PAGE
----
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Plant-Based Eating is Here to Stay

April 29, 2019

When does a trend become mainstream? Is it the number of people on the bandwagon, the longevity of the trend, or globalization? Regardless of how it’s measured, the numbers speak for themselves: plant-based eating can no longer be considered a trend, whether that’s based on sales volume, worldwide acceptance, or a permanent shift in consumer behavior and attitude.

Plant-Based Eating Growth By the Numbers

In November, 2018 DuPont Nutrition & Health released a report on plant-based eating in which they surveyed the eating habits of 1,000 U.S. consumers. The study found that 52% of U.S. consumers are eating more plant-based foods and beverages, and that almost 60% of respondents said their change to plant-based alternatives was “permanent or they hoped it was permanent.” That massive 52% of U.S. consumers who are changing their diet to include more plant-based eating actually pales in comparison to global numbers; the same report claims that nearly two-thirds (65%) of consumers worldwide are eating more plant-based foods. Greg Paul of DuPont is quoted as saying, “There is a seismic shift occurring in eating habits globally … our research reveals that for most consumers, this has moved beyond experimentation into a permanent change brought on by health, lifestyle and social factors.”

While plant-based eating is not exactly the same thing as vegan eating, they do have much in common, including their growth. For example, there’s been a 600% increase in people identifying as vegans in the U.S. in the last three years (from 1% to 6%), a 350% increase in people identifying as vegans in the UK over the last decade, and research predicts that China’s vegan market will grow more than 17% between 2015 and 2020.

Consumers also reported that taste was the #1 barrier to increasing their plant-based eating habits by an even greater amount. 

New Product Launch Growth

Companies are responding to this dramatic shift in plant-based eating habits. Innova Market Insights data shows that the number of new food and beverage launches making plant-based claims in the U.S. saw a 54% Compound Annual Growth Rate (CAGR) from 2013 to 2017. Their data also showed a 300% increase in plant-protein claims across all foods and beverages.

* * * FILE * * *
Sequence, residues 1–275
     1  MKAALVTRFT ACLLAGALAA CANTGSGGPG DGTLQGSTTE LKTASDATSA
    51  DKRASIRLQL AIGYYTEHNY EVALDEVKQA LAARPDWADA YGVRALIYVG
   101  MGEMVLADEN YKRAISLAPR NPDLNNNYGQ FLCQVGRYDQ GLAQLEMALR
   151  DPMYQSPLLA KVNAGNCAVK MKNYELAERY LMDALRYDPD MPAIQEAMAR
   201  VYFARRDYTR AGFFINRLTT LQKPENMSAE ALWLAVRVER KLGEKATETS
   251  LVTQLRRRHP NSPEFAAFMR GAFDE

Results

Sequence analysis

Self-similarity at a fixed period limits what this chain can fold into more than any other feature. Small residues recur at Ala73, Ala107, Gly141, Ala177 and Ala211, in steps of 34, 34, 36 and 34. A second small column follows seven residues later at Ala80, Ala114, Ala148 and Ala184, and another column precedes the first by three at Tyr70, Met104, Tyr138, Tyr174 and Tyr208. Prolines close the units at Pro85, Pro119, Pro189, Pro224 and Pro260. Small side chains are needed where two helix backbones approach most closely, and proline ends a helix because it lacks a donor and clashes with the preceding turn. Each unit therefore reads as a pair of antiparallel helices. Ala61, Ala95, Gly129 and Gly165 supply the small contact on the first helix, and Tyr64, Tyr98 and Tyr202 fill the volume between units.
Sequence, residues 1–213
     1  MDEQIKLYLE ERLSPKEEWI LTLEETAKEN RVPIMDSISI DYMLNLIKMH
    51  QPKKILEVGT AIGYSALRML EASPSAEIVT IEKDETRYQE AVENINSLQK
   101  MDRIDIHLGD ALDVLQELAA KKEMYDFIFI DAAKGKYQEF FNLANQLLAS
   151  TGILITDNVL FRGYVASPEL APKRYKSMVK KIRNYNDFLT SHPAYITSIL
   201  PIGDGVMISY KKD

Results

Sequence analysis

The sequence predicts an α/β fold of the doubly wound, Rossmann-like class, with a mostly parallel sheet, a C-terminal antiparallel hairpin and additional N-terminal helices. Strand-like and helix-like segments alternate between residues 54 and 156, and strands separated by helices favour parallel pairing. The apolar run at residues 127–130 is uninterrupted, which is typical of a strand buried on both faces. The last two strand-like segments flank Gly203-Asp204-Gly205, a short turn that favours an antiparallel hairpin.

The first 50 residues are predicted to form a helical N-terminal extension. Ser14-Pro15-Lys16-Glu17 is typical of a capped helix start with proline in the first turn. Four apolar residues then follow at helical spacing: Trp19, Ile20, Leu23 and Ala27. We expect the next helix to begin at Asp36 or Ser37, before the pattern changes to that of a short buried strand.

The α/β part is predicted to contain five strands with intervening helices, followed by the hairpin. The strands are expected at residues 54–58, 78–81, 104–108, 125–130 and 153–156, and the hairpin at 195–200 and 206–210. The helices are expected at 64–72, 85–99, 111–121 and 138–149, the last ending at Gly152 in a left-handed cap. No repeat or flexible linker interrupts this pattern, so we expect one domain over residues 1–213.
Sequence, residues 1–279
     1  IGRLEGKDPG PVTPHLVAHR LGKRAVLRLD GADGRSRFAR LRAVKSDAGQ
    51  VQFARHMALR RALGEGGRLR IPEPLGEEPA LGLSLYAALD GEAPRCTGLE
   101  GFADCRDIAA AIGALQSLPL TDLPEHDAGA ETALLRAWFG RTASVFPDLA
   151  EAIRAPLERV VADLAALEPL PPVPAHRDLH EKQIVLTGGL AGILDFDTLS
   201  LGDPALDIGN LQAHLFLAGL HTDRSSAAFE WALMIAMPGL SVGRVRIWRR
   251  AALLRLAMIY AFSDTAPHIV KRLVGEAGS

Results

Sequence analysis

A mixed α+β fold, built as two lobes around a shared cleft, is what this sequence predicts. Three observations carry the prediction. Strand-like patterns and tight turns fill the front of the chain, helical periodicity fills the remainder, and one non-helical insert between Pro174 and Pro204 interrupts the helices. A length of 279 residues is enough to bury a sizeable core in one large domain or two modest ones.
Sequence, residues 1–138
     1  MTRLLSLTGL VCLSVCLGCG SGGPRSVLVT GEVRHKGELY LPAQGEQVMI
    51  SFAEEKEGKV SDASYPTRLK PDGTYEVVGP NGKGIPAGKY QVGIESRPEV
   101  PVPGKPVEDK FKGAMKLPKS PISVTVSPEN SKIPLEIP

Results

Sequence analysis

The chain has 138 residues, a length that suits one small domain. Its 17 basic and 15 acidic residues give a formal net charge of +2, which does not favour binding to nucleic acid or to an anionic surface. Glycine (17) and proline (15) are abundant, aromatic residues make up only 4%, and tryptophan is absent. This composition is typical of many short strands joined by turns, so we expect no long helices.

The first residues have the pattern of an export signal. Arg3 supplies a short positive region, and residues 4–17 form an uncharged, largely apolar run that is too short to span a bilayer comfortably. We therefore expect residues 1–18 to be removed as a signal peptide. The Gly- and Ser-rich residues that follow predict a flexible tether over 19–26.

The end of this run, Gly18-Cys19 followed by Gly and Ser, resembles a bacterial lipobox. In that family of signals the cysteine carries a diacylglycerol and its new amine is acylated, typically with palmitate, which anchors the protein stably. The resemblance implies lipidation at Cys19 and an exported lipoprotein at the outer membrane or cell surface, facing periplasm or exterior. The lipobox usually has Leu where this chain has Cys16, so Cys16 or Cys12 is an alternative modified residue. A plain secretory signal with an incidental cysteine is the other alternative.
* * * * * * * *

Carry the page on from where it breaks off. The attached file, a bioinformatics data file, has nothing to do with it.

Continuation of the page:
The global dairy alternatives market is one of the largest in the plant-based eating space. It is expected to reach nearly $30 billion in annual sales by 2023, which is a CAGR of 11.4%. Plant-based milks make up nearly half that segment, of which the almond milk segment is the fastest growing. According to an article in Supermarket News, 58% of U.S. adults drink non-dairy milk. The same article, by the way, reports that “36% of consumers buy plant-based meats.”

Plant Proteins and the Importance of Taste

As diets shift, so do attitudes. According to a report by the International Food Information Council, 21% of all Americans claim to have an improved opinion about the healthfulness of plant proteins, and 69% are trying to incorporate more into their eating habits. Says Lesley Nicholson, marketing manager for Archer Daniels Midland, “The flexitarian/vegetarian trend is growing. People want more protein while reducing the amount of animal protein in their diets.”

Despite this acceleration of plant proteins, consumers don’t want to compromise when it comes to taste. Mintel reports that “taste is the top reason U.S. adults who eat plant-based proteins do so (52%), outranking concerns over diet (10%), animal protection (11%) the environment (13%) and even health (39%).” Maintaining taste profiles and mouthfeel in plant-based applications, as well as better-for-you foods and beverages, can be challenging. Fortunately, Edlong flavor scientists are up to that challenge. Our flavor library includes more than 250 dairy-free and vegan flavors that can deliver authentic taste and the natural mouthfeel inherent in dairy that is often missing in plant-based products. Our flavors provide functional benefits to add richness and indulgence where it’s missing, and mask the off-notes often associated with plant proteins. Demand for plant-based eating is here to stay. Edlong flavors can play a significant role in ensuring which plant-products are here to stay too, by helping make them delicious.